Resist your instincts to run when confronted by aggressive dogs, trainer says
In the last 12 months there have been 39 reports of dogs attacking people in New Plymouth and 23 in South Taranaki.
While to the year ended June 30, 2017 there were seven attacks on people in the Stratford district.
Among the reported attacks in New Plymouth are Blair Staddon and his six-year-old daughter who were attacked as they returned to their car following a walk along Otaraoa Rd beach, north of Waitara, on September 2.
In an attempt to stop his daughter being bitten Staddon lifted her above his shoulders but the dogs continued to lunge and jump at her. As a result Staddon's daughter needed treatment for 12 puncture wounds.
In light of the recent attacks dog trainer Terry Darby, 68, was asked for his tips on avoiding an attack.
Darby, who has been around dogs since the age of five, used to train attack dogs for the Ministry of Defence in Europe but now trains them to assist the deaf or hearing impaired for Hearing Dogs New Zealand.
1. Stand your ground
People have to resist the natural urge to run. If someone runs when confronted by an aggressive dog it would naturally give chase and attempt to bite them which could result in serious injuries, Darby said.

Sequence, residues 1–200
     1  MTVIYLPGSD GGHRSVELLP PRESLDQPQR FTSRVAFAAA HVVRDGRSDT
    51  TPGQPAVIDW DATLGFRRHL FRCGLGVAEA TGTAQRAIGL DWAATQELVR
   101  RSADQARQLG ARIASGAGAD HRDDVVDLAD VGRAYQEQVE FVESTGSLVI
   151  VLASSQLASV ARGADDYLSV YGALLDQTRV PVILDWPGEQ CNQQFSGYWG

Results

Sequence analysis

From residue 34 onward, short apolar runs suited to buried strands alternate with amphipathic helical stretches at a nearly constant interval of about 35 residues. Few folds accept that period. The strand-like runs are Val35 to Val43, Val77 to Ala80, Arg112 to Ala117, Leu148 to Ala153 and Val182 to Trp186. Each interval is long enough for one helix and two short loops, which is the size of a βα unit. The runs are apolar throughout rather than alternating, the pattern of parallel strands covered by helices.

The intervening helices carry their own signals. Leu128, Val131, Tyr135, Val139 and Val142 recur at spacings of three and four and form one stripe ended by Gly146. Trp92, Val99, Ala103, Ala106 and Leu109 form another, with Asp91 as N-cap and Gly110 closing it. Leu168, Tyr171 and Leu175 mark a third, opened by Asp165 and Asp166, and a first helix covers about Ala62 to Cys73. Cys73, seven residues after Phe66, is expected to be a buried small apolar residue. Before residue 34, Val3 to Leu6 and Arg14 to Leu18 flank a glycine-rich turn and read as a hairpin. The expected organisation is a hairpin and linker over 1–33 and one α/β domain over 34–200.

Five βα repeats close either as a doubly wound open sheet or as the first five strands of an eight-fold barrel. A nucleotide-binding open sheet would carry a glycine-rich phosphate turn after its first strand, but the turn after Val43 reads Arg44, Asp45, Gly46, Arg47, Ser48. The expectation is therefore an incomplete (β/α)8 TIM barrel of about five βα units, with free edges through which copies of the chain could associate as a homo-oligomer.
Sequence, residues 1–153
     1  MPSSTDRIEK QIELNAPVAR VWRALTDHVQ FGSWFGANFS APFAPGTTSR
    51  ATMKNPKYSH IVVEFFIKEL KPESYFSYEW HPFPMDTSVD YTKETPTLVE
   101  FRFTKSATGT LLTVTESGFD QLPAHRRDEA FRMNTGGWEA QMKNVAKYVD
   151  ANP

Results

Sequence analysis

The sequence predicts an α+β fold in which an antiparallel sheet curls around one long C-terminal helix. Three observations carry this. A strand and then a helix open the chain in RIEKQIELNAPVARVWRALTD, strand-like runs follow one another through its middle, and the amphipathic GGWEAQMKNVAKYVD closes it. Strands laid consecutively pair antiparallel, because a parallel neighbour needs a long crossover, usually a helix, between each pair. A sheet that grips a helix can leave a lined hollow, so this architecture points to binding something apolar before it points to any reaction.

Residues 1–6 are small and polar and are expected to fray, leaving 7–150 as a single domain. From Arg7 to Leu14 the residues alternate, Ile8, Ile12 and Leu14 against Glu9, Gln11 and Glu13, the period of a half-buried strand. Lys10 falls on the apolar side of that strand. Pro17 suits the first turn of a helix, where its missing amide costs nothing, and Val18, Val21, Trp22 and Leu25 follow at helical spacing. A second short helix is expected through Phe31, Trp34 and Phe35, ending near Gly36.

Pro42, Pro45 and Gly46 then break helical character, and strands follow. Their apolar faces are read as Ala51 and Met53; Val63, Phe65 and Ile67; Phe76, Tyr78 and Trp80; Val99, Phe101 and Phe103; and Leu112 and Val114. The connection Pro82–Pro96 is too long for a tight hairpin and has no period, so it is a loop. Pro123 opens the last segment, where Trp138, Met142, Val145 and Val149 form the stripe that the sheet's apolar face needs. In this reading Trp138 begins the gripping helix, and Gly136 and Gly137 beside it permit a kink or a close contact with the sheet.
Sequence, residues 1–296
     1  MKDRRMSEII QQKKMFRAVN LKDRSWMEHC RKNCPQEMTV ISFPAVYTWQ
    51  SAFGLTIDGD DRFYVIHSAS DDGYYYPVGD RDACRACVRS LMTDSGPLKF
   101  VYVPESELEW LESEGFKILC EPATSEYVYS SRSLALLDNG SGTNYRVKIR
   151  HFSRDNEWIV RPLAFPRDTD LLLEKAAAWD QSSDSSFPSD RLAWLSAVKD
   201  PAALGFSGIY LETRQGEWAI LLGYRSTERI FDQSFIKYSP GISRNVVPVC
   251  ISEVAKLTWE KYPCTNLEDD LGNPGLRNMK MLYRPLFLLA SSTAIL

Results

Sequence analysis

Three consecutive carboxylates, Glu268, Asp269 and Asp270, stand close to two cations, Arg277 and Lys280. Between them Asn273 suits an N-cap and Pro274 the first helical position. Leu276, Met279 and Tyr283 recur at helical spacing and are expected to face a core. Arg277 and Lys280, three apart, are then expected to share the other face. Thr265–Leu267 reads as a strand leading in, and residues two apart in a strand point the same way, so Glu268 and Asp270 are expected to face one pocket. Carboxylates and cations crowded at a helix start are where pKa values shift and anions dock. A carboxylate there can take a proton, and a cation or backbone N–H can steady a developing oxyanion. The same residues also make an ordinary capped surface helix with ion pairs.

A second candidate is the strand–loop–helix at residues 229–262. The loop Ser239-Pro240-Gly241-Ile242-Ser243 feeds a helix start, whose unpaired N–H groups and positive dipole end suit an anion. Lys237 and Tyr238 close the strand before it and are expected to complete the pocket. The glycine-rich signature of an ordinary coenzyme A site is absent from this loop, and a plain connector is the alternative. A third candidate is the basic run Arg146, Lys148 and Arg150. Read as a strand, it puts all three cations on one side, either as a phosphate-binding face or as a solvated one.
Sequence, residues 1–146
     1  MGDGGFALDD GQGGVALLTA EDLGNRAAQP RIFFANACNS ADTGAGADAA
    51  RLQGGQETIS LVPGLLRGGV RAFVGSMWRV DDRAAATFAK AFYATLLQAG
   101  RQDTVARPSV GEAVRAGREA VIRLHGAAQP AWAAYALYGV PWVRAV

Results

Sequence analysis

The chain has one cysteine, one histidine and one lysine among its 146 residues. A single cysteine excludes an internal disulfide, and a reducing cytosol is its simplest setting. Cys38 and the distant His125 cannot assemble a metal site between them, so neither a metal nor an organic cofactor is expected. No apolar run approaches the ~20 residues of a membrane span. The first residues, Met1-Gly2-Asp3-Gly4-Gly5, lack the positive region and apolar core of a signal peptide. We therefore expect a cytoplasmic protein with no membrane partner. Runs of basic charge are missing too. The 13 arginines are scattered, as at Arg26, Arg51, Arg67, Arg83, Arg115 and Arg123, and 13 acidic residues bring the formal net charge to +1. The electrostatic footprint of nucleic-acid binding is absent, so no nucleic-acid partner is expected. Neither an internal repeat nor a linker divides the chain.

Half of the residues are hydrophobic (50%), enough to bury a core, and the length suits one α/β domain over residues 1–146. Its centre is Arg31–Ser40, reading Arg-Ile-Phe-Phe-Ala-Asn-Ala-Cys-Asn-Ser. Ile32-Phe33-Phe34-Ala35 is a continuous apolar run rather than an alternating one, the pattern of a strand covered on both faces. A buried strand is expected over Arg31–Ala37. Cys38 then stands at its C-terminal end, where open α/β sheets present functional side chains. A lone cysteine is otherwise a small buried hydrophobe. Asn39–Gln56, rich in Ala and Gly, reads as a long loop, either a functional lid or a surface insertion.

The key is not to run and shout and scream and wave your arms about, he said.
"Stand still and stand your ground with your arms by your side.
"It's the hardest thing for someone to do without a doubt."
2. Don't stare at the dog or lower yourself down to its level
There are a number or reasons a dog can attack or become aggressive, including protecting its owner or young or its territory, and another way to avoid conflict is to keep your eyes off the canine, Darby said.
"Don't eyeball the dog, it won't like that.
"They're pretty powerful and they hurt when those teeth bite down."
3. Watch for signs of aggression
Signs a dog is becoming aggressive include raised hackles on its back, curling its lips and starting to growl or bark, Darby said.
"They are all signs to be aware of that you are not in a good situation."
He said there were no bad breeds of dogs just bad owners.
"It's the owners responsibility at the end of the day and how that dog has been brought up is down to them."
Darby also believed dogs should be on leads when in public places.
"If you can't control your dog by whistle or voice command and get it to return to you then yes your dogs should be on a lead."